Permeability of the anti-human immunodeficiency virus (HIV) agents, including stavudine (D4T), delavirdine (DLV), and saquinavir (SQV), across the in vitro blood–brain barrier (BBB) was studied. Here, the anti-HIV agents were incorporated with polybutylcyanoacrylate (PBCA) nanoparticles (NPs), methylmethacrylate-sulfopropylmethacrylate (MMA-SPM) NPs, and solid lipid nanoparticles (SLNs). Transport of the anti-HIV agents across BBB is a key factor in their applications to the therapy of the acquired immunodeficiency syndrome (AIDS). Experimental results revealed that the drug order of the loading efficiency (LE) on PBCA and MMA-SPM was D4T > DLV > SQV. For the entrapment efficiency (EE) in SLNs, this order was reversed. Also, LE of D4T on MMA-SPM was larger than that on PBCA; however, the reverse was true for DLV and SQV. As the particle size increased, LE decreased and EE increased. For a fixed drug carrier, an increase in the particle size yielded a decrease in the BBB permeability coefficient of the anti-HIV agents. Moreover, enhancement in the BBB permeability was on the carrier order of PBCA > MMA-SPM > SLNs for D4T, and for DLV and SQV, the order became PBCA > SLNs > MMA-SPM. PBCA, MMA-SPM, and SLNs were efficacious carriers of D4T, DLV, and SQV to meliorate BBB permeability by 3–16 folds, indicating the clinical potential of the present NP formulations for the AIDS treatment.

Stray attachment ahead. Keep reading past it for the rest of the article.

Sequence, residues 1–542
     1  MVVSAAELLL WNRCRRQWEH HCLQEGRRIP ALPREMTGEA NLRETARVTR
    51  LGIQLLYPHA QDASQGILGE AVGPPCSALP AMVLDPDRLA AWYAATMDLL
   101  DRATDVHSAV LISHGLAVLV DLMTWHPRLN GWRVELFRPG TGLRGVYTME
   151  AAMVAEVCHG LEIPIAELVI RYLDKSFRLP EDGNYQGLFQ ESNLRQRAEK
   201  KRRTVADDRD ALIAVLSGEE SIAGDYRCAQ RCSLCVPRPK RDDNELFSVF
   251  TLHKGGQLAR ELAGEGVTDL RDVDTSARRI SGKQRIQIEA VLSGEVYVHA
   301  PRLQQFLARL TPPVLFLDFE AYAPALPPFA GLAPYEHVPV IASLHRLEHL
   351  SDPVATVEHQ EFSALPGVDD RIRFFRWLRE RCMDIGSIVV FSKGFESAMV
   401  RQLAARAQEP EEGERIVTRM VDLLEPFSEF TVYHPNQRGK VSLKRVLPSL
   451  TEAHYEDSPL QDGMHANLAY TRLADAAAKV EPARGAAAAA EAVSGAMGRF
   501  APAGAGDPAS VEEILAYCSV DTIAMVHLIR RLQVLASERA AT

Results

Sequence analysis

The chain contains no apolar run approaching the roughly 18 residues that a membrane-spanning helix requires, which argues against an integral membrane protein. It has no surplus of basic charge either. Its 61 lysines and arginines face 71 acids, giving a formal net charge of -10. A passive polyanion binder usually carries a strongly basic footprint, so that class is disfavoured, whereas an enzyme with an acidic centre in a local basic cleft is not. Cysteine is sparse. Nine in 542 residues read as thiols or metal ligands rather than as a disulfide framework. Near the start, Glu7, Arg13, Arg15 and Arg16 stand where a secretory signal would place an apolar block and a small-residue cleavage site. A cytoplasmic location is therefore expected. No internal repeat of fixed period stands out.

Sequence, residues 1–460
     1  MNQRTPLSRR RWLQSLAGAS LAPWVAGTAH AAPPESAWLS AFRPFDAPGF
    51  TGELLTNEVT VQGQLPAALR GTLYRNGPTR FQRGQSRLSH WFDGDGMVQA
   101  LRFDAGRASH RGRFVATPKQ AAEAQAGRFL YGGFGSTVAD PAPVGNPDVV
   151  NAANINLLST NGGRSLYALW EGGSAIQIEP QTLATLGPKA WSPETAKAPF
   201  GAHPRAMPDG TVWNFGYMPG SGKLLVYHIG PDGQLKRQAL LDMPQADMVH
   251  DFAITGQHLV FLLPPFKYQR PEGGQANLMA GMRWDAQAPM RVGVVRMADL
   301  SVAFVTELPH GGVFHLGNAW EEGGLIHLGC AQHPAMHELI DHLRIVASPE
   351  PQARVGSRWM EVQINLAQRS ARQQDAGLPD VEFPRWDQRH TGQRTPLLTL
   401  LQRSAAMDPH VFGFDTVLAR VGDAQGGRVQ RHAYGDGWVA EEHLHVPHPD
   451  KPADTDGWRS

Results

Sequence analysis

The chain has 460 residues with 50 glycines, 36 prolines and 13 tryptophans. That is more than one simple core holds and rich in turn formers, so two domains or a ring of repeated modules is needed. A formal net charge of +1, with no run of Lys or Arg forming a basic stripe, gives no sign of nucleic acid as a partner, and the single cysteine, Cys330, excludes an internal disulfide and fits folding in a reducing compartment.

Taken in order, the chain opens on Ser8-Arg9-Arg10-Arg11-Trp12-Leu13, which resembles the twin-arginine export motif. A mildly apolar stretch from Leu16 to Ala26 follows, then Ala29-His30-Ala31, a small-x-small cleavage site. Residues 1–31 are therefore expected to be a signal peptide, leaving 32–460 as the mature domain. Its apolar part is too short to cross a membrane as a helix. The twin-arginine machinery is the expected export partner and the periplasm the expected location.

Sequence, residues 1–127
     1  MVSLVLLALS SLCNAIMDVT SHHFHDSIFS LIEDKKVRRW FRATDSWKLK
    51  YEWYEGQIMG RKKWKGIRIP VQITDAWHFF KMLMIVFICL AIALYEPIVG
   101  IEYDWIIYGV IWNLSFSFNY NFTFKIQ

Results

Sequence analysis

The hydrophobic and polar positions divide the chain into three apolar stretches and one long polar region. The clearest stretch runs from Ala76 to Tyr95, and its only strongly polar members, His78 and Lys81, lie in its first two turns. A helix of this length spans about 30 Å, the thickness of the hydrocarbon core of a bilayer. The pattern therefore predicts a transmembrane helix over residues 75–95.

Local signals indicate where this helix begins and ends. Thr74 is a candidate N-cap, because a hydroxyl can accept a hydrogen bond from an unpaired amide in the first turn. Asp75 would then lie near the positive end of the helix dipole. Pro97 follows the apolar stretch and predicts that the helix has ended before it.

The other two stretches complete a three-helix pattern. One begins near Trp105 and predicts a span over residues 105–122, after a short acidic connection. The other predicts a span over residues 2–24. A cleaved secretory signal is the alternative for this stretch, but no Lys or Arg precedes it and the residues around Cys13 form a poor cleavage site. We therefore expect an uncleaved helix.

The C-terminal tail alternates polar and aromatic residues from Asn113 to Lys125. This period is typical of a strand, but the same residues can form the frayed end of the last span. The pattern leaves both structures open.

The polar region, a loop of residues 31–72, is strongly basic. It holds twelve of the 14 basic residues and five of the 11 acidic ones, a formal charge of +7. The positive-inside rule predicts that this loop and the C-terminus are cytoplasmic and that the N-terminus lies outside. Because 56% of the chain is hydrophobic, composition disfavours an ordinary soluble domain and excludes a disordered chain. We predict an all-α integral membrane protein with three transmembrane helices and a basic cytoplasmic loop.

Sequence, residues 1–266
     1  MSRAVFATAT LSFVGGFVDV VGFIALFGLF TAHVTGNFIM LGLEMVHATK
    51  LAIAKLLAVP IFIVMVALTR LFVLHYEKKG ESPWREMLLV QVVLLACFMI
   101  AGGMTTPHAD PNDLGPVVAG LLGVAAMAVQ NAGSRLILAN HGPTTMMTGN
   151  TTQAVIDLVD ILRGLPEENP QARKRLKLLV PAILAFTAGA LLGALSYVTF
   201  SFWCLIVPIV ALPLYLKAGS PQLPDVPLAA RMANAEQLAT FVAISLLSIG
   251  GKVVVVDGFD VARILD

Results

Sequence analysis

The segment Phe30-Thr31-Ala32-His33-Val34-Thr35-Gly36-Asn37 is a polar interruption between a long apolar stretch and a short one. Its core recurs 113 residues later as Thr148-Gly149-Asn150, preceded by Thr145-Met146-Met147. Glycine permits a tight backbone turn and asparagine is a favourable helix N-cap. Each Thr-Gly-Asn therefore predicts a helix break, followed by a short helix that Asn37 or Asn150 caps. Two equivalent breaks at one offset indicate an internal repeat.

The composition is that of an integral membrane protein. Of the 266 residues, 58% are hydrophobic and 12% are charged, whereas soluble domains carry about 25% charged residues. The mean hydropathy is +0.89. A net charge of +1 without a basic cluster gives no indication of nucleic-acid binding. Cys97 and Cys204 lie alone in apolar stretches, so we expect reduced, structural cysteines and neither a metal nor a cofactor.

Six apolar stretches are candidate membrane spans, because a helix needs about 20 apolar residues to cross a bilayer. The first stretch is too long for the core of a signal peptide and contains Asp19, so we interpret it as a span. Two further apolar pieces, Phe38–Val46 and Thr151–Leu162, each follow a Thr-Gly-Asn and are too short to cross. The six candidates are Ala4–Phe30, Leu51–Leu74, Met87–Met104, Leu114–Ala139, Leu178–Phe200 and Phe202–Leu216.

Keywords: Polybutylcyanoacrylate; Methylmethacrylate-sulfopropylmethacrylate; Solid lipid nanoparticle; Blood–brain barrier; Anti-HIV agent; AIDS;
Solid lipid nanoparticles loaded with insulin by sodium cholate-phosphatidylcholine-based mixed micelles: Preparation and characterization by Jie Liu; Tao Gong; Changguang Wang; Zhirong Zhong; Zhirong Zhang (153-162).